Due to our Cineworld cards, Kirsty and I go to films I wouldn’t have paid a single pound to see, let alone ten of them. It’s safe to say that Power Rangers was one of these films. At the end of the day, it looked like an overly gritty reboot of something nobody was asking for, and whilst that’s probably what it still is, I was surprised by how good it actually is.

Now, don’t get me wrong, my taste hasn’t gone out the window, but I was willing to call this a good film… At least until the third act.

Let’s start from the top. The films first act starts by setting up its main characters, you have the high-school jock throwing away his career, the picked-on and bullied nerd, the hot, popular girl being abandoned by her clique, and two characters who don’t get fleshed out until later on. On paper it’s very run of the mill, paint by numbers, teenage drama. The only difference is, for me at least, I started to believe that these teenagers could actually be the Power Rangers… It actually made me take seriously a premise I fully expected to snidely chuckle to myself about, whilst simultaneously looking down my nose at the rest of the cinema going audience (Who turned out to consist purely of children and parents, by the way, Kirsty and I were the oldest people there that didn’t have kids). Sure, these teens were fairly cliché, but I could get behind their journey of ‘overcoming personal differences, internal conflicts, and coming together as a team’.

That first act, in my eyes, works. I found myself enjoying it, and what more could you want? I was enjoying it enough that I laughed at the silly humour, that I could accept and overlook the teenage angst. I enjoyed it enough that when the second act rolls round with training montages, lessons in comradary, and a dumping of heart-felt backstory I was invested in the film. Then the third act comes along…

The films third act is undoubtedly its weakest, and it’s sadly also that act when the Power Rangers gain their costumes and fight the big bad. It’s literally the climax of the film and it couldn’t feel more… Anticlimactic.

As I said before, if I’d left after the first two thirds I’d have actually said this was a good movie, but the final fight, the big battle, was just so bland. It wasn’t even passable, it was boring. There was no weight to any of the martial arts, no intense music, no peril, and when the ‘Zords’ are used they suffer from Michael Bay’s Transformers Syndrome, in that they’re trying to be so realistic they just look messy and uninteresting. This is the part kids have sat through two thirds of the movie to get to, and this is the part that simply fell flat. There were little nods here and there to the old series I remember fondly, a couple of locations and sound effects, but they were barely noticeable in the sheer dullness of this battle. The film spent almost two hours basically saying “This will be the fight to save the world; this fight will be awesome” and it just wasn’t. It was entirely forgettable, it was badly executed, and it soured what was actually going to be a very surprising hit for me.
Let me put it another way. The thing that lets Power Rangers down is actually the part where they are the Power Rangers… Yeh, let that sink in. The premise they’re trying to sell you on, the namesake of the whole entire franchise, is its weakest part. Unlike Marvels’ The Avengers, which is at its best when the Avengers are Avenging, the Power Rangers is let down when their cast don their costumes and get to the fighting. In fact, the Power Rangers just don’t have much ‘Power’.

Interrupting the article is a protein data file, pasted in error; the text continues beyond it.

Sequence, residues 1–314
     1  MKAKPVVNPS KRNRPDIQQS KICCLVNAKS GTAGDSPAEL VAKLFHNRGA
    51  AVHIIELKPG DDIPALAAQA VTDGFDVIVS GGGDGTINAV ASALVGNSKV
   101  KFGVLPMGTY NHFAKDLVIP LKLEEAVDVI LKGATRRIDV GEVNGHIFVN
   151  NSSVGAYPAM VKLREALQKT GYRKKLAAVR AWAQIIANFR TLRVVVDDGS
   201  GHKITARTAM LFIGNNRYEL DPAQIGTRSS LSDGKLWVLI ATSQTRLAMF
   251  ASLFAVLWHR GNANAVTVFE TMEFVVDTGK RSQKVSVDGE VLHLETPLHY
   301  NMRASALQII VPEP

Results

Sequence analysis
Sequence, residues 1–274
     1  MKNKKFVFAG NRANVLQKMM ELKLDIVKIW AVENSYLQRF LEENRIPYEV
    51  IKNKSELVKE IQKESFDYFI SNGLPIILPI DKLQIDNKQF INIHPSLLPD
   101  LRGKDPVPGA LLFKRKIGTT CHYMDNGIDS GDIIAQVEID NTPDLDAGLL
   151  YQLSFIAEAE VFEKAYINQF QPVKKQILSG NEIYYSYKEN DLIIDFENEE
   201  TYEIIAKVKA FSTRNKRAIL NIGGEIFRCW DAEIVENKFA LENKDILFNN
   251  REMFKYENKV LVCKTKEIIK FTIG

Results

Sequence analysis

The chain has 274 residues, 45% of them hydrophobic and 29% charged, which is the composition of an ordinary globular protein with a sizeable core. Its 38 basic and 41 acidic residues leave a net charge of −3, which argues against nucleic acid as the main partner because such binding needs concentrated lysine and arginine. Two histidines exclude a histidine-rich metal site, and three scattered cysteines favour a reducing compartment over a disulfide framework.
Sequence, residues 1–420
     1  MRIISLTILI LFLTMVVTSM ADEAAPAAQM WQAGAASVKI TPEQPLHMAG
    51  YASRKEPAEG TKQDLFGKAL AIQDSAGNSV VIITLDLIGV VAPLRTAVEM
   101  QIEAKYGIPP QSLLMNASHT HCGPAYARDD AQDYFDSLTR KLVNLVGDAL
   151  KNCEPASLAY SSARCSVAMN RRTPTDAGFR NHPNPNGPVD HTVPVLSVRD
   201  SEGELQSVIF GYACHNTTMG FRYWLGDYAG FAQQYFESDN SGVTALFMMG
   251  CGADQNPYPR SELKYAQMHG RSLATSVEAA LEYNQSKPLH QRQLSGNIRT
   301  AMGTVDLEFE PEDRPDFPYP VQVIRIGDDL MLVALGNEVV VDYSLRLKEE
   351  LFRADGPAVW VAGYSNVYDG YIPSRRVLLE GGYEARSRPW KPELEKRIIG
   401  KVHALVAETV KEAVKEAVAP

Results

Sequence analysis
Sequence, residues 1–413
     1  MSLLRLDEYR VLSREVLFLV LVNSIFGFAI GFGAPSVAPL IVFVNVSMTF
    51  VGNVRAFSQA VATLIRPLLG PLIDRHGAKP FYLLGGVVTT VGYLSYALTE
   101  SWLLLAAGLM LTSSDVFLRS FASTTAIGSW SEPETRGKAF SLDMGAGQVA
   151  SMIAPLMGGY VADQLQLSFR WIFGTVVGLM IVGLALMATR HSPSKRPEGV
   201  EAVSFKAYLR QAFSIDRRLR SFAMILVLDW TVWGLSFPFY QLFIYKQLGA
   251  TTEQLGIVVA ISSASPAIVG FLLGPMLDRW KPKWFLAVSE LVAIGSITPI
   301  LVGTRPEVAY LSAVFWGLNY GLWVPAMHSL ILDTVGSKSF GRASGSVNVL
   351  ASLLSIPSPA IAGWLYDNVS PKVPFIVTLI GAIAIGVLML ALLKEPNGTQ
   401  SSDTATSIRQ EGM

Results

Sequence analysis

I also have the to give the film credit for trying, even in a somewhat heavy handed way, of dealing with acceptance of some important issues and opting to make the Power Rangers ‘team’ an inclusive one. The cynical side of me thinks it’s trying to tick too many boxes, but I think it’s heart is in the right place and, hell, if it puts examples of Autism, and non-heterosexual relationships into a Hollywood film, good on it. It’s overall a good thing that a film attempts to diversify its main characters; it’s potential role models.

In fact, it made me proud that something kids were seeing was willing to tackle some difficult issues and sell a message of acceptance. The main issue is though, as much as I was enjoying the film, it didn’t really seem to be for kids at all. There was no action, as what little there was got saved for the end battle, and the film was undoubtedly too slow for younger audiences (A fair few in our screening upped and left). Surely that begs the question… Who was it all really for?

If this film was for my generation, the more serious nature, whilst still balancing the campier moments, would be a decent if unremarkable attempt to reboot a nostalgic franchise, but were we really asking for a high school drama about angsty teenagers? Couldn’t we have tipped the balance in favour of the campiness and had a film purely full of cheese factor? So, say the film was intended to sell a future generation on a ‘new’ franchise, did they want to sit two thirds into a film before getting to the, for want of a better word, ‘action’? Wouldn’t they want to spend more time just watching people kick ass and have the character arcs written in around it? I don’t know, maybe I’m speaking on behalf of a generation I’m out of touch with and kids these days have better attention spans (though it definitely didn’t seem that way for audience members around us).

All in all, it’s a hard film to truly recommend. It’s a film that adults will have undoubtedly seen done better elsewhere, telling stories they’re now too old for, whilst also being a film kids might find too boring, with messages that, while important for them to hear, aren’t made in an interesting enough way. It’s a film that doesn’t know what it wants to be and, like with it’s mixing of tone, tries to balance too much to no avail. In the end, it’s a film I’ll be telling my friends to check out, at least when it’s out on DVD, and it’s a fairly ok Sunday afternoon watch.

Also, the Megazord looked pretty cool, so props for that.